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  • Define laminar flow and turbulent flow.
  • Explain what viscosity is.
  • Calculate flow and resistance with Poiseuille’s law.
  • Explain how pressure drops due to resistance.

Laminar flow and viscosity

When you pour yourself a glass of juice, the liquid flows freely and quickly. But when you pour syrup on your pancakes, that liquid flows slowly and sticks to the pitcher. The difference is fluid friction, both within the fluid itself and between the fluid and its surroundings. We call this property of fluids viscosity . Juice has low viscosity, whereas syrup has high viscosity. In the previous sections we have considered ideal fluids with little or no viscosity. In this section, we will investigate what factors, including viscosity, affect the rate of fluid flow.

The precise definition of viscosity is based on laminar , or nonturbulent, flow. Before we can define viscosity, then, we need to define laminar flow and turbulent flow. [link] shows both types of flow. Laminar flow is characterized by the smooth flow of the fluid in layers that do not mix. Turbulent flow, or turbulence    , is characterized by eddies and swirls that mix layers of fluid together.

Photograph of smoke rising smoothly for a while and then beginning to form swirls and eddies.
Smoke rises smoothly for a while and then begins to form swirls and eddies. The smooth flow is called laminar flow, whereas the swirls and eddies typify turbulent flow. If you watch the smoke (being careful not to breathe on it), you will notice that it rises more rapidly when flowing smoothly than after it becomes turbulent, implying that turbulence poses more resistance to flow. (credit: Creativity103)

[link] shows schematically how laminar and turbulent flow differ. Layers flow without mixing when flow is laminar. When there is turbulence, the layers mix, and there are significant velocities in directions other than the overall direction of flow. The lines that are shown in many illustrations are the paths followed by small volumes of fluids. These are called streamlines . Streamlines are smooth and continuous when flow is laminar, but break up and mix when flow is turbulent. Turbulence has two main causes. First, any obstruction or sharp corner, such as in a faucet, creates turbulence by imparting velocities perpendicular to the flow. Second, high speeds cause turbulence. The drag both between adjacent layers of fluid and between the fluid and its surroundings forms swirls and eddies, if the speed is great enough. We shall concentrate on laminar flow for the remainder of this section, leaving certain aspects of turbulence for later sections.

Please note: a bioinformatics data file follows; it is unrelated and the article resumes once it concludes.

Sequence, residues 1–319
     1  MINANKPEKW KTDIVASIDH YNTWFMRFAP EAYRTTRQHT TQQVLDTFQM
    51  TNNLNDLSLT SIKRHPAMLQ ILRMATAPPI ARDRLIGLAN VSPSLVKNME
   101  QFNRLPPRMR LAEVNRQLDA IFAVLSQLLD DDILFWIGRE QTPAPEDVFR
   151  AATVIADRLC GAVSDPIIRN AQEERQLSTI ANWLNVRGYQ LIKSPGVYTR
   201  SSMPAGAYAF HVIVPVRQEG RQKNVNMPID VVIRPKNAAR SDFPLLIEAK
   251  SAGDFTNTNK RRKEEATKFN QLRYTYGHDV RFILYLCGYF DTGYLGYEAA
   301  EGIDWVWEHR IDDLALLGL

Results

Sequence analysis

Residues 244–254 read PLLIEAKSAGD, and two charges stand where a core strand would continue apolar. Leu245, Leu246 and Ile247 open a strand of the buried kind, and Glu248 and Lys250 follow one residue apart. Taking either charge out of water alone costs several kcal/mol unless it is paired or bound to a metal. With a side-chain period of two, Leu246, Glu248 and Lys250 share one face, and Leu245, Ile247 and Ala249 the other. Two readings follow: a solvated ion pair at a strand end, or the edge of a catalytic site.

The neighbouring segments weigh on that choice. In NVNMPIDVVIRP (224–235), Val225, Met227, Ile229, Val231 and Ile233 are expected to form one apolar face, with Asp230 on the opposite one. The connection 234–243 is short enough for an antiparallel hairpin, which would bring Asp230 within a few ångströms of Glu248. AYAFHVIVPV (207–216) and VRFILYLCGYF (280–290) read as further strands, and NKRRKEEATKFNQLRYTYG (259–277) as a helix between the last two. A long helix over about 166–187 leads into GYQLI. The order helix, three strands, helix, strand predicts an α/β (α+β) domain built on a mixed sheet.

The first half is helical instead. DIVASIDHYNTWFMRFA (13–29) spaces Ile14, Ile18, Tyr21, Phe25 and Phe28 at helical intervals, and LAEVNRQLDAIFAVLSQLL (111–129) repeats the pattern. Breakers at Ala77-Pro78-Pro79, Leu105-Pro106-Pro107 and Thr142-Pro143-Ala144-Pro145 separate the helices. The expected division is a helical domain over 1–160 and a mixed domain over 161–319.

Part a of the figure shows a laminar flow on a fixed smooth surface. The different layers of the liquid are shown as different colored bands along the horizontal surface. The friction is shown to act all along the line separating two layers. The direction of flow of the fluid is toward right and the velocity is shown as v b for layers at the bottom and v t for layers on top. Part b of the figure shows turbulent flow on a surface with some obstruction. The fluid directions are horizontal on smooth path and irregular near the area of the obstruction. The velocity is v on top as well as at the bottom of the fluid.
(a) Laminar flow occurs in layers without mixing. Notice that viscosity causes drag between layers as well as with the fixed surface. (b) An obstruction in the vessel produces turbulence. Turbulent flow mixes the fluid. There is more interaction, greater heating, and more resistance than in laminar flow.

Making connections: take-home experiment: go down to the river

Try dropping simultaneously two sticks into a flowing river, one near the edge of the river and one near the middle. Which one travels faster? Why?

Questions & Answers

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Graphene has a hexagonal structure
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Source:  OpenStax, Introduction to physics for vanguard high school (derived from college physics). OpenStax CNX. Oct 15, 2014 Download for free at http://legacy.cnx.org/content/col11715/1.1
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